World Trade Center BASE jumpers cleared of burglary, convicted on lesser charges for 2013 plunge from tower

Shayna Jacobs New York Daily News

A trio of BASE jumpers who parachuted from atop 1 World Trade Center in 2013 was acquitted Monday of burglarizing the building.

But daredevils Andrew Rossig, 34, James Brady, 33, and Marko Markovich, 28, were convicted on several lesser charges.

The thrill-seeking threesome was tried for burglary, a felony, as well as two counts of reckless endangerment to people and property.

They were also charged with jumping from a structure in violation of a city law.

While cleared of the top felony charge, they were convicted on the final three.

Rossig, Brady and Markovich admitted they plunged from the 1,776-foot tower in lower Manhattan about 3 a.m. on Sept. 30, 2013.

Brady, who was an iron worker at the site, smuggled their parachutes inside the “Freedom Tower” and helped the others sneak in through a hole in the security fence.

He landed on the West Side Highway, while Rossig, a carpenter who builds stage sets, dropped onto Vesey St., where a bagel shop manager spotted him.

Markovich, a skydiving instructor, steered himself into Battery Park.

They piled into a getaway driven by Kyle Hartwell, who testified against them at trial in exchange for a favorable plea deal.

They later shared stunning GoPro footage of their heart-stopping descents.

Lawyers for the jumpers criticized the city’s overblown investigation.

“This verdict is the same as the plea that we would have taken over a year ago,” said Rossig’s lawyer Tim Parlatore.

“The main issue in the case was the district attorney’s office taking a misdemeanor and trying to turn it into a felony,” said Parlatore.

He said too many resources were wasted on the probe, handled by the NYPD’s elite Intelligence Division & Counter-Terrorism Bureau.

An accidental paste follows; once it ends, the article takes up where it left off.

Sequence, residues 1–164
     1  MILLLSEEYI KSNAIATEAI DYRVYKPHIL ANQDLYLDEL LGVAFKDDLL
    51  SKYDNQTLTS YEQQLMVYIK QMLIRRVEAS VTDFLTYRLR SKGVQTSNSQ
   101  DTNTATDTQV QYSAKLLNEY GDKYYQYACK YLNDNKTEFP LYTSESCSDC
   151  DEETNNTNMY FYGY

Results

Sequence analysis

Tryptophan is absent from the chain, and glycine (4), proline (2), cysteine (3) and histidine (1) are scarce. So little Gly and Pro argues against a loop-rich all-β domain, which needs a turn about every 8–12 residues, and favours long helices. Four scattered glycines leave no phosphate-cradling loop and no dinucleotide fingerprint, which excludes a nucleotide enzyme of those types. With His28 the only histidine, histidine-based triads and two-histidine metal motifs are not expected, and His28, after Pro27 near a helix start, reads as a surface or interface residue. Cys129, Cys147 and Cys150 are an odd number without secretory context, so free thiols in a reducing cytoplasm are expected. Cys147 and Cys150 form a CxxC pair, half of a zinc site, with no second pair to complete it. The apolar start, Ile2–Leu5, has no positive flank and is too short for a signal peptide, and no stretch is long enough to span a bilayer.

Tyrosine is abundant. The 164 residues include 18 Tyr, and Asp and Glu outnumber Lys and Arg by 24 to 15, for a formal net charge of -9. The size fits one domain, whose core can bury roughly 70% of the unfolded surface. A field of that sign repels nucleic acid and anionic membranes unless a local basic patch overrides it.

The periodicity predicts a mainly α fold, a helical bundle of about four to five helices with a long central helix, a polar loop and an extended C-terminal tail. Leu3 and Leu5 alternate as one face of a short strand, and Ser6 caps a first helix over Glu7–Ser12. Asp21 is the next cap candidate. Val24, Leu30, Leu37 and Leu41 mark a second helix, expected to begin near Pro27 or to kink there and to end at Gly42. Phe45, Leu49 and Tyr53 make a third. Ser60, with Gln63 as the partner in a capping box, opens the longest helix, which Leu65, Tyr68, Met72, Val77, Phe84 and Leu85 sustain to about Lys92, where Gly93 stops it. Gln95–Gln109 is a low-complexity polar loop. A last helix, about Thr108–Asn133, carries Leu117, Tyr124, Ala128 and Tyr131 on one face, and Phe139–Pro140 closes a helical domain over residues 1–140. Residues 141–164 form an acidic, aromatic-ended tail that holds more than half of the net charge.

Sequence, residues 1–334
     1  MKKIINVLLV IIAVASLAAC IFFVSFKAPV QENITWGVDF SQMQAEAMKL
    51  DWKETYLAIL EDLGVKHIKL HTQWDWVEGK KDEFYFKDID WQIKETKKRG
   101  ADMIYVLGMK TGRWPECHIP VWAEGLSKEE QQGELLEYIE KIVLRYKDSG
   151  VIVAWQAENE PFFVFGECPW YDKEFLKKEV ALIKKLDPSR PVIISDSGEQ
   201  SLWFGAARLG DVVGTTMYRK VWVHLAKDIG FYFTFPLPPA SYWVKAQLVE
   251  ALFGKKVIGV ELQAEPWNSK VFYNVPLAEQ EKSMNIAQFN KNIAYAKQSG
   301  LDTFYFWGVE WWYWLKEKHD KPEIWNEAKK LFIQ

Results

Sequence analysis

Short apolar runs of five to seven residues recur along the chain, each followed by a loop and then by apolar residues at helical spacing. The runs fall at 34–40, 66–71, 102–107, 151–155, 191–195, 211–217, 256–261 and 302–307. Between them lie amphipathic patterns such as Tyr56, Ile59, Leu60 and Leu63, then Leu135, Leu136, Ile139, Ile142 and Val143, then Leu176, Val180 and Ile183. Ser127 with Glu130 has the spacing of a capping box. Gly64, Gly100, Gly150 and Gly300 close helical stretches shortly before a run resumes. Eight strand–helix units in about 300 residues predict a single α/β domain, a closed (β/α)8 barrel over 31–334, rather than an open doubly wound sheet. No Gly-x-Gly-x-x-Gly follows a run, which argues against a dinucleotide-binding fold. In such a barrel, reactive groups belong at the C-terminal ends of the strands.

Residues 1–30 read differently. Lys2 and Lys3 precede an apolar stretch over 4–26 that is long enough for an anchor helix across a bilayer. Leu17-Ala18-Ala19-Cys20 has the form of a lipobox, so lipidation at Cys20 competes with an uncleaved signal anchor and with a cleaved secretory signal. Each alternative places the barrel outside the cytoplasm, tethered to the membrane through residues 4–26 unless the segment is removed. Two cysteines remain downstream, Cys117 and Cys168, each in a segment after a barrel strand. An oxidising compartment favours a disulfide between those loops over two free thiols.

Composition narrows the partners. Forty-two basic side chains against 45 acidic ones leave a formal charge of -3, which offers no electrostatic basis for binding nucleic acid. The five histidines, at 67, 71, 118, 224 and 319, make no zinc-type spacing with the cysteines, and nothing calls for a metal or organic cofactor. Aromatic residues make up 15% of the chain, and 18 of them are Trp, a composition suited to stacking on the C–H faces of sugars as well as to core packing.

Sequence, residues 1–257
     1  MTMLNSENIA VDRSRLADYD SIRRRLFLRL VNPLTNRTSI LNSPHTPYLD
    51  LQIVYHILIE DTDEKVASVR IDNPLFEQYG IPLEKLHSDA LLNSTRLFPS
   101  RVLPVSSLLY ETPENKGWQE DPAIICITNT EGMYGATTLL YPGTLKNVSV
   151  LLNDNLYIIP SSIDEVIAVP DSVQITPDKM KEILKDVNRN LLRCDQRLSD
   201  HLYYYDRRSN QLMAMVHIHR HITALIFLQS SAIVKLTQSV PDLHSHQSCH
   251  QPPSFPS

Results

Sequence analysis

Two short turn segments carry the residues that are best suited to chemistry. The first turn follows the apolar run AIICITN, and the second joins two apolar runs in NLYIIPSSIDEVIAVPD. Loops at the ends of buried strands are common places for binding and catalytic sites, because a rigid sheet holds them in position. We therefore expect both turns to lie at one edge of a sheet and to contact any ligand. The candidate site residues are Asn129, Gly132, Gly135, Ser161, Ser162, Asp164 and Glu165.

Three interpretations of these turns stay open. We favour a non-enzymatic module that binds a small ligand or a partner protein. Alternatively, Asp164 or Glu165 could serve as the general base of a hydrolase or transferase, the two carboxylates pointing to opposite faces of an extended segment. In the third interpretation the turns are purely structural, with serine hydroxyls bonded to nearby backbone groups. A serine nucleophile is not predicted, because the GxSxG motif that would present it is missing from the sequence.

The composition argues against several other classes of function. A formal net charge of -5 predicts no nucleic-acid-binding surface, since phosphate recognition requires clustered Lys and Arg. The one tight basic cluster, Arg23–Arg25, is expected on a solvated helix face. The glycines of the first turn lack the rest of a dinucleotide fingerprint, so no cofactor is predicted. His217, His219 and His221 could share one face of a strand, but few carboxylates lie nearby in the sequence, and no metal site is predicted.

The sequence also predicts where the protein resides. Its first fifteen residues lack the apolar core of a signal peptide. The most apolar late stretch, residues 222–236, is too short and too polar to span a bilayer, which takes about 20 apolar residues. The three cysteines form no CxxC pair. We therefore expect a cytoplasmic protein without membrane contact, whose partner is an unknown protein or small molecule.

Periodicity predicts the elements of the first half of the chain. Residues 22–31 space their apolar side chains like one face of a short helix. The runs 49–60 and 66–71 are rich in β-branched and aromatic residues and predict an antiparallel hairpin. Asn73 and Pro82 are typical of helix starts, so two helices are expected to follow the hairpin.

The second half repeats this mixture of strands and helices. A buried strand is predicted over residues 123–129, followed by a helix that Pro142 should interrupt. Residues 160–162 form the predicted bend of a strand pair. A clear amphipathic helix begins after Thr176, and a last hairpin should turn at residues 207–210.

“They probably wasted a half a million dollars on this case … If they had taken this plea which we offered them in the beginning, they could have hired 10 new cops,” he said.

The defense said the burglary charge didn’t apply because the men jumped from the communication structure on the roof, outside the building.

Prosecutors argued the feat was a danger to the BASE jumpers themselves and pedestrians and drivers in the heavily-populated area.

Juror Ricardo Henriquez, 34, a social worker from Washington Heights, said the panel of six men and six women were also focused whether the tower was part of the building nearly deadlocked. They submitted a note Monday indicating they were still hung on two counts.

“We thought about it and we said forget it … We had a couple of days arguing about this topic. They’re not guilty for (burglary),” Henriquez said.

Jurors agreed that jumping from a building was a dangerous prospect, making it easy to reach an accord on the reckless endangerment charges.

Prosecutors argued the jumps posed a danger to the BASE jumpers themselves and pedestrians and drivers in the heavily populated area.

They also argued the communication tower — the three massive rings that can be seen above the building at the base of the antenna — serve a function for the building and technically are a part of it.

Manhattan District Attorney Cyrus Vance Jr. blasted the defendants for brushing off the severity of the incident.

“In the nearly two years since this BASE jump occurred, the three men who parachuted off One World Trade Center have yet to acknowledge the dangerousness or cost of their actions,” Vance said in a statement.

“The defendants took pride in their perceived accomplishment, and seemed to relish evasion of authorities,” the DA added.

All three face up to a year behind bars. Markovich will be sentenced July 17 while Rossig and Brady will be sentenced July 10.

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